[Bug gdb/22992] GDB and Microsoft Windows thread pool

tromey at sourceware dot org sourceware-bugzilla@sourceware.org
Thu Oct 3 20:32:00 GMT 2019


https://sourceware.org/bugzilla/show_bug.cgi?id=22992

--- Comment #14 from Tom Tromey <tromey at sourceware dot org> ---
(In reply to Pedro Alves from comment #13)

> And supposedly, the breakpoint is NOT installed in the target at this point,
> right?  Or is it some other breakpoint?  Seems like it's the same from your
> logs.  If it is indeed the breakpoint that was removed, then that again
> suggests this is Windows returning the queued event.

As I understand it, gdb itself uninstalls the breakpoints before
single-stepping.
I did not actually verify this.

The only user breakpoint in my setup is the "dprintf" one (see the original
repro instructions in this bug).

> SuspendThread returns the thread's previous suspend count.  You could use
> that to check whether the program is unsuspending threads on its own.

Yes, I did this at some point.  In fact what I did is hack gdb to suspend
each thread 5 times, then also print out the suspension count after getting
a debug event.  All the relevant threads always reported their suspension
count as 5 -- which to my mind means it is unlikely that the inferior is doing
anything tricky.

> > I am thinking it might be ok to simply ignore such events.
> 
> Does Windows decrement the PC after a break automatically?  I forget.

There's no mention of this in windows-nat.c.  So I guess it defers to the arch?


I changed my gdb to (1) suspend threads when stepping (still seems like a big
oversight to me ... and despite what I said earlier, I'm not 100% sure that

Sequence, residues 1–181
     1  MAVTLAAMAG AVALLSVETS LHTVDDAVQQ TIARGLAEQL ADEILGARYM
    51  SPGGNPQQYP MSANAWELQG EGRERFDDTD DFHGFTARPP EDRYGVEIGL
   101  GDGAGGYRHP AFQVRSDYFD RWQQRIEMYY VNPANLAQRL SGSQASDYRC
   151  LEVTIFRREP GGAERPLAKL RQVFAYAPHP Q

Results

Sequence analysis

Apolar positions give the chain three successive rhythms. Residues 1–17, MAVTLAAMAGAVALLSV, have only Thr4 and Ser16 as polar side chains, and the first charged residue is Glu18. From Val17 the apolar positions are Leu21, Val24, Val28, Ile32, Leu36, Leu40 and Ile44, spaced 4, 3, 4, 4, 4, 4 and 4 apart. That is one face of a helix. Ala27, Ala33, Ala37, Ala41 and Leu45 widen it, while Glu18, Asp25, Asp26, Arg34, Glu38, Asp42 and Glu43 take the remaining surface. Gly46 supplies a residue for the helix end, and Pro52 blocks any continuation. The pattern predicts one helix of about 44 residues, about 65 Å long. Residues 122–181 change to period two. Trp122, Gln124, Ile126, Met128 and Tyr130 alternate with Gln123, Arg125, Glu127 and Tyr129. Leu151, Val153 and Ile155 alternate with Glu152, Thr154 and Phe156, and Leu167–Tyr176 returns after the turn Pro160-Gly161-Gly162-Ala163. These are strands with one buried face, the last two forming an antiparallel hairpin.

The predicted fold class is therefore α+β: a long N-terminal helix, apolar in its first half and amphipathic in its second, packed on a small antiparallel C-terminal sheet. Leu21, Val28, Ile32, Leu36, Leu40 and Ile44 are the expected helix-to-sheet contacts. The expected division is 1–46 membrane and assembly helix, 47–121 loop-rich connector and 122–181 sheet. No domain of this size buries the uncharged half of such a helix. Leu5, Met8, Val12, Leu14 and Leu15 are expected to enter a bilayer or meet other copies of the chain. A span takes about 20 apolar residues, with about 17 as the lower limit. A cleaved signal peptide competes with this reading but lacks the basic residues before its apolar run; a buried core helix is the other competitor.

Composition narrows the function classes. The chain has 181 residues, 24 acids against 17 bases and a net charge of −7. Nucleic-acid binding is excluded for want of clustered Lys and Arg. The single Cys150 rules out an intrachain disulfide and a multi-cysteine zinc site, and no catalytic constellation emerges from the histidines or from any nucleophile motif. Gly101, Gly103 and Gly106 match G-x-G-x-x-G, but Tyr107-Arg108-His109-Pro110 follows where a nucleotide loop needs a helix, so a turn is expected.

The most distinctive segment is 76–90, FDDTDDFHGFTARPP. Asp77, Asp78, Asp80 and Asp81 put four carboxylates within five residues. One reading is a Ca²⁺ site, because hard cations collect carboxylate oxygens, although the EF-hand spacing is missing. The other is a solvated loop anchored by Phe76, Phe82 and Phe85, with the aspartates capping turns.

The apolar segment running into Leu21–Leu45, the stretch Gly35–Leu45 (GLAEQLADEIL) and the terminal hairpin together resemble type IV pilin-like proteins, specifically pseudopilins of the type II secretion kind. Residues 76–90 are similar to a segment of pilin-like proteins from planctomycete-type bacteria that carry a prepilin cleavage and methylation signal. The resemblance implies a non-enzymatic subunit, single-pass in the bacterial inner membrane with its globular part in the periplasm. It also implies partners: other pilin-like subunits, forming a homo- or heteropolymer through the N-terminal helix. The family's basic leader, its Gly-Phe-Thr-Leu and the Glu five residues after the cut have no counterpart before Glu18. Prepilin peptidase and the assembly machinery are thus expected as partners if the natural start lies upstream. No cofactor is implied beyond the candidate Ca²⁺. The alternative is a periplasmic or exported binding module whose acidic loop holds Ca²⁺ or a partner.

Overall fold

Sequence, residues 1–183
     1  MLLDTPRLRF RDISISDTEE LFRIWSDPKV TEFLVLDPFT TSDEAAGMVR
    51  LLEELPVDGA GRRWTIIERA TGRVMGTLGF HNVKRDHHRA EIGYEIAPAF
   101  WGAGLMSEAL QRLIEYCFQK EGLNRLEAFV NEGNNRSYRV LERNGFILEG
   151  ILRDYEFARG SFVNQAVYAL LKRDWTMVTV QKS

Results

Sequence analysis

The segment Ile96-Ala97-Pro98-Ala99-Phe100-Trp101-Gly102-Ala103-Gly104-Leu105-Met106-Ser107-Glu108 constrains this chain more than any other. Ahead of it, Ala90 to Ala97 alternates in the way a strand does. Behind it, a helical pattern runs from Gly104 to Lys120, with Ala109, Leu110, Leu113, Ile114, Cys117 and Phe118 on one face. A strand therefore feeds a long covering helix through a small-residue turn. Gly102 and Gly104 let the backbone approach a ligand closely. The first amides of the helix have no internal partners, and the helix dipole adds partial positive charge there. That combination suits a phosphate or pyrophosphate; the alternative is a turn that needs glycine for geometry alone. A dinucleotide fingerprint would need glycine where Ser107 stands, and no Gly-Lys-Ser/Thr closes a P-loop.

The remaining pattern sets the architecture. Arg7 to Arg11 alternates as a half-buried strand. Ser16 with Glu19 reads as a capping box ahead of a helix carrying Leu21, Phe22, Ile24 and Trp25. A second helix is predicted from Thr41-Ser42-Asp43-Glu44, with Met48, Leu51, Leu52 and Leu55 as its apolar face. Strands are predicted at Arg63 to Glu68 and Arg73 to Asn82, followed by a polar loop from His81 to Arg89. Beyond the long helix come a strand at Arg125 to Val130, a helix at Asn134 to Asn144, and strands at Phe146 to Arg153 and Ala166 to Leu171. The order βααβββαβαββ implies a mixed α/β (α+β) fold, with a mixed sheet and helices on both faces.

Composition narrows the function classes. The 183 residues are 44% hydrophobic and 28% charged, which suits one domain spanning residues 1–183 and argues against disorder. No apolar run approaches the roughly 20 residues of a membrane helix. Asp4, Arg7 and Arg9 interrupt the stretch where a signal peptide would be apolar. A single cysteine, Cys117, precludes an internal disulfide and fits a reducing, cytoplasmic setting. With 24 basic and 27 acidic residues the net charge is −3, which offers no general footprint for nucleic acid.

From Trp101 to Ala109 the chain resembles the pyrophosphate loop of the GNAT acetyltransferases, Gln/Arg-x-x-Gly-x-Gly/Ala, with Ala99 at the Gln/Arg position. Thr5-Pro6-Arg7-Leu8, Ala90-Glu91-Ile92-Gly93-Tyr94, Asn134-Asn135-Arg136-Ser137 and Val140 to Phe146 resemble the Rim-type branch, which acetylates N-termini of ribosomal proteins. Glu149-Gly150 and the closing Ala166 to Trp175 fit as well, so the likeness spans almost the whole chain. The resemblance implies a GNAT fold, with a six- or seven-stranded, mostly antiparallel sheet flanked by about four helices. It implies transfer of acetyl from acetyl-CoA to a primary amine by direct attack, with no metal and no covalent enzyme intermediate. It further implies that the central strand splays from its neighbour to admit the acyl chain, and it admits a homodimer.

gdbserver does this either), and (2) ignore spurious breakpoint events.

Now I get even weirder behavior:

Thread 4 received signal SIGSEGV, Segmentation fault.
[Switching to Thread 7664.0x32c8]
0x004015dc in (anonymous namespace)::Callback (context=0xe0) at sample.cxx:22
22        Sleep(100);  /* Do a "work". */

Look at that PC, then:

(gdb) disassemble
Dump of assembler code for function (anonymous
namespace)::Callback(TP_CALLBACK_INSTANCE*, void*, TP_WORK*):
   0x004015d0 <+0>:     push   %ebp
   0x004015d1 <+1>:     mov    %esp,%ebp
   0x004015d3 <+3>:     sub    $0x18,%esp
   0x004015d6 <+6>:     movl   $0x64,(%esp)
   0x004015dd <+13>:    mov    0x4091fc,%eax

... notice that it is in the middle of an instruction.


See comment #10 to see the results of the queueing experiment.  That stop is
suggestive
because it is one instruction past the location of the dprintf breakpoint.

1       dprintf        keep y   0x004015d6 in (anonymous
namespace)::Callback(TP_CALLBACK_INSTANCE*, void*, TP_WORK*) at sample.cxx:22

This seems to happen sometimes after one of these stops has been ignored, so I
somewhat suspect my patch, though I don't see anything obviously wrong in it.


Maybe the queueing approach is better and we should just live with the spurious
stop.
If the theory is that this is caused by internal event buffering in Windows,
then I
would definitely argue this direction.

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